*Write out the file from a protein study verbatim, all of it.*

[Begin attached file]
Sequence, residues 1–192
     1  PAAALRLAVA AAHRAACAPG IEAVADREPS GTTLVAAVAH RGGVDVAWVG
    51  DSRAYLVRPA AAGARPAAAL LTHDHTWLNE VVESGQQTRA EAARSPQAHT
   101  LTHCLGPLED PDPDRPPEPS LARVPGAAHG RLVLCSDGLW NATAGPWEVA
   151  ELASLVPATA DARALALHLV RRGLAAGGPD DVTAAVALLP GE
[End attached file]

Sequence, residues 1–192
     1  PAAALRLAVA AAHRAACAPG IEAVADREPS GTTLVAAVAH RGGVDVAWVG
    51  DSRAYLVRPA AAGARPAAAL LTHDHTWLNE VVESGQQTRA EAARSPQAHT
   101  LTHCLGPLED PDPDRPPEPS LARVPGAAHG RLVLCSDGLW NATAGPWEVA
   151  ELASLVPATA DARALALHLV RRGLAAGGPD DVTAAVALLP GE